Zimbabwe: Decision Day... All Eyes On the Constitutional Court Bench

President Emmerson Mnangagwa smiles for photographers after a news conference earlier this month in Zimbabwe's capital, Harare.

Zimbabwe's Chief Justice Luke Malaba has dismissed Nelson Chamisa's application to have the results of the presidential election set aside, and ruled that Emmerson Mnangagwa is the rightful president of Zimbabwe on Friday.

When Chamisa's supporters took to the streets the day after the election commission declared Mnangagwa the victor to protest the results, police responded by using tear gas and live fire, killing six people.

But the vote has left the nation polarised, with violence flaring on the streets of Harare, and Chamisa, who leads the opposition Movement for Democratic Change (MDC), mounting his legal challenge.

The electoral commission had declared Mnangagwa won with 50.8 percent of the vote but later revised that down to 50.6, attributing the revision to an "error" but arguing it was not significant enough to invalidate the win.

An hour before the ruling, Chamisa's spokesperson Nkululeko Sibanda suggested there was collusion between Zanu PF and the judiciary, as images on social media indicated that preparations for Mnangagwa's inauguration were well under way long before the ruling.

The court said it was up to the opposition to prove its claims and it failed to do so, saying the best evidence would have been the content of the sealed ballot boxes, but that route was not pursued.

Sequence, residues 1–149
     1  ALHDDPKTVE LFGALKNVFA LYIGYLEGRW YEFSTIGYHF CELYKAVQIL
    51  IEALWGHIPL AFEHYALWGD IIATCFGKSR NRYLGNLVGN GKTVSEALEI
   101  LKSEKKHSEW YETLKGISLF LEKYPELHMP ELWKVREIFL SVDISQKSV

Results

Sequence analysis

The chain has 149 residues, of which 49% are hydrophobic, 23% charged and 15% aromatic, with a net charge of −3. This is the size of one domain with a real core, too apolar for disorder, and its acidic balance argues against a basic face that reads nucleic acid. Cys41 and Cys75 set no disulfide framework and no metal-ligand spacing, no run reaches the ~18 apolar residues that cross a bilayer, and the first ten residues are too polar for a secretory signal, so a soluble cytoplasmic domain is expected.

The petition hearing is the first to be streamed live from the courtroom in the history of the country.

"Yes, judgement has been made but as far as we are concerned, we have a view that is contrary to the view of the Constitutional Court", Chamisa said.

The Zimbabwean constitution specifies that for a presidential candidate to get a mandate to form a government, he or she must get at least 50% plus one of the vote.

On the streets of Harare, where half a million people voted for Chamisa it seemed like business as usual.

The statement also says in the coming days the opposition will announce a "vigorous program of action in response to this electoral theft of the century".

"I won the court case before it began", Mnangagwa said on the sidelines of a regional summit in Namibia at the weekend.

After Mugabe's ouster, his ruling party, the Zimbabwe African National Union-Patriotic Front, retained power and Mnangagwa slid into Mugabe's seat.

Finance Minister Patrick Chinamasa told Reuters that Mnangagwa will be inaugurated on Sunday.

If the court upholds the incumbent president's win, his inauguration would take place within 48 hours.

The ZEC was also accused of unfairness when it delivered three results following the presidential election, the lawyers argued.

  • Tracy Klein